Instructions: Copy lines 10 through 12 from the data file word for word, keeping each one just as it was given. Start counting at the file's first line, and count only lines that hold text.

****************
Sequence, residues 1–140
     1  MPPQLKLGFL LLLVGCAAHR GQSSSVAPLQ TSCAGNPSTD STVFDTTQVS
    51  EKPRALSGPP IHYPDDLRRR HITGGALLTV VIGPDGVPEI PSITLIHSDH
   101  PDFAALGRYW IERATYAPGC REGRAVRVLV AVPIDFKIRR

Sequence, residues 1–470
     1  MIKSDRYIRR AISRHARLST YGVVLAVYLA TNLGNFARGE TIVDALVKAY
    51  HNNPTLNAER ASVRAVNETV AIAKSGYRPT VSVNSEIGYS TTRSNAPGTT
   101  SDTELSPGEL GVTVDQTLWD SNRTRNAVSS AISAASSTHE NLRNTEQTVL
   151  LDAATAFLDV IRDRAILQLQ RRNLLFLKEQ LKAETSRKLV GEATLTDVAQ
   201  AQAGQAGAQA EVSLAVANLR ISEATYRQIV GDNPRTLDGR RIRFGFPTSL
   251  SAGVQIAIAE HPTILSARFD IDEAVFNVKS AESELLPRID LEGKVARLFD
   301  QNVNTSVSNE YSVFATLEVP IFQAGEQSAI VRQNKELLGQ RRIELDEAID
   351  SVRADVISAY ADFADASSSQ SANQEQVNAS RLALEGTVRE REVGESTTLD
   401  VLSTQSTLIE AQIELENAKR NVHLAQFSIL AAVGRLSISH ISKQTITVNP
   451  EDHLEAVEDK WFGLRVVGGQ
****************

   201  AQAGQAGAQA EVSLAVANLR ISEATYRQIV GDNPRTLDGR RIRFGFPTSL
   251  SAGVQIAIAE HPTILSARFD IDEAVFNVKS AESELLPRID LEGKVARLFD
   301  QNVNTSVSNE YSVFATLEVP IFQAGEQSAI VRQNKELLGQ RRIELDEAID